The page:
christy turlington burns explores the perils of giving birth in america
A new documentary from Every Mother Counts follows four pregnant women on the bumpy road to delivery.
What's it like to give birth in America? For many, especially low-income women, uninsured women, and women of color, the answer to this question is "terrifying." A new three-part short film series from Every Mother Counts now viewable on CNN, supermodel-turned-activist Christy Turlington Burns' global maternal health non-profit, follows four pregnant women in Florida, Montana, and New York on their journeys toward delivery and motherhood. Through meeting these women, as well as the passionate doulas, midwives, and medical professionals who care for and provide emotional support for them, "Giving Birth in America" investigates the most common barriers to maternal health in America and what we can do to make the system safer and more accessible for expectant mothers everywhere.
Some frightening facts: Did you know that the US is the only industrialized nation where maternal mortality rate is consistently on the rise? Or that we are ranked 60th in the world when it comes to maternal health, yet we spend more than any other country on healthcare? What about that in the U.S. we lose two women a day from complications related to pregnancy and childbirth? And that African American women are four times more likely to die from pregnancy related complications (In New York, seven times more likely), while Latina women face twice the risk?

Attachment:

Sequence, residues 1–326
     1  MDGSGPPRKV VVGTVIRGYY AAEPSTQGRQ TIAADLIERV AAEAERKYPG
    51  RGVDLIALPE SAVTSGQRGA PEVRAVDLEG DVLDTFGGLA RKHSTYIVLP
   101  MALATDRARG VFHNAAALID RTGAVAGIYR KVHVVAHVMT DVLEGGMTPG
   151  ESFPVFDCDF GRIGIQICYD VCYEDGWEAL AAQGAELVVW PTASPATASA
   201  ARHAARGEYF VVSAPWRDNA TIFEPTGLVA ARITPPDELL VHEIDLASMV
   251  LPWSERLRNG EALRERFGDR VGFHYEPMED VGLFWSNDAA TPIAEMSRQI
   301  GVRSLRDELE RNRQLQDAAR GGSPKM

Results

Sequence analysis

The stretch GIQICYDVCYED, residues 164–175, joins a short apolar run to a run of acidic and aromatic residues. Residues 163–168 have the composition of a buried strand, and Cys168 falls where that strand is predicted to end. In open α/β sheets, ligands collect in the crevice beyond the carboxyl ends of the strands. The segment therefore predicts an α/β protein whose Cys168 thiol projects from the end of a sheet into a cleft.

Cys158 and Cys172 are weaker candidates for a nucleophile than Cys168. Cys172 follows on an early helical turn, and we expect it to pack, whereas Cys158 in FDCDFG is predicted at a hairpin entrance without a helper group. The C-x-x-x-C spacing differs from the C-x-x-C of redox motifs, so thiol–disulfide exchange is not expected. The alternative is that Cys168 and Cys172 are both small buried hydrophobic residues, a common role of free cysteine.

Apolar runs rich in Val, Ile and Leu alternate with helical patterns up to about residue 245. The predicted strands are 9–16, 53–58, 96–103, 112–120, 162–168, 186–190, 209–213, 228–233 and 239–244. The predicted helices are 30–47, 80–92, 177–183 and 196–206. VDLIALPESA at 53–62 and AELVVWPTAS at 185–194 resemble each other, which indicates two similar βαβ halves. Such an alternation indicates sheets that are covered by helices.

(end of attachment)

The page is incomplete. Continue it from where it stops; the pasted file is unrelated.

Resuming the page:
So, why are women in America dying senseless and oftentimes preventable deaths? According to "Giving Birth in America," a few of the biggest contributing factors are obesity (more than half of the pregnant women in the US are obese, which can lead to fatal complications, including fetal diabetes), lack of insurance (there are 17 million uninsured women ages 16-64 in the US, many of whom are Latina), and over-medicalization (the national cesarean section rate is 33%, when World Health Organization suggests that rates should not be higher than 10%). The universal flaw, though, is that "American mothers lack access to affordable, skilled and compassionate maternal health care." Through education, doula training, and funding for the pre-natal care of at-risk mothers, regardless of insurance status or ability to pay, Every Mother Counts is on a mission to lower the U.S. maternal mortality rate.
In the film, we meet Emerald, living in a remote part of Montana with her husband and their six beautiful wood-chopping, goat-milking kids. Pregnant with their seventh child, she's forced to drive 2.5 hours to a hospital that will allow her to have a vaginal birth. As we learn, malpractice insurers make it extremely difficult for VBAC (vaginal birth after c-section). Then there's 24-year-old Lissette, pregnant, fleeing from an abusive ex, and living in a domestic violence shelter. After becoming pregnant for the first time at age 17 and delivering by doctor-ordered C-section, she lost custody of her baby due to postpartum depression. This time, she's turned to Ancient Song doula Rochelle to ensure depression doesn't befall her again, and for someone to advocate on her behalf. As Lissette explains, her doula was the first person to ever inform her that she had options. Though their pregnancy stories and personal circumstances couldn't be more different, both Emerald and Lissette (as well as Rachel and Naomi, who we also meet along the way) are up against the similar challenges of accessing compassionate, affordable, and skilled prenatal care in America.
To learn more about the challenges pregnant women face in the U.S., watch "Every Mother Counts" at CNN and educate yourself.
Text Jane Helpern
Photography courtesy Every Mother Counts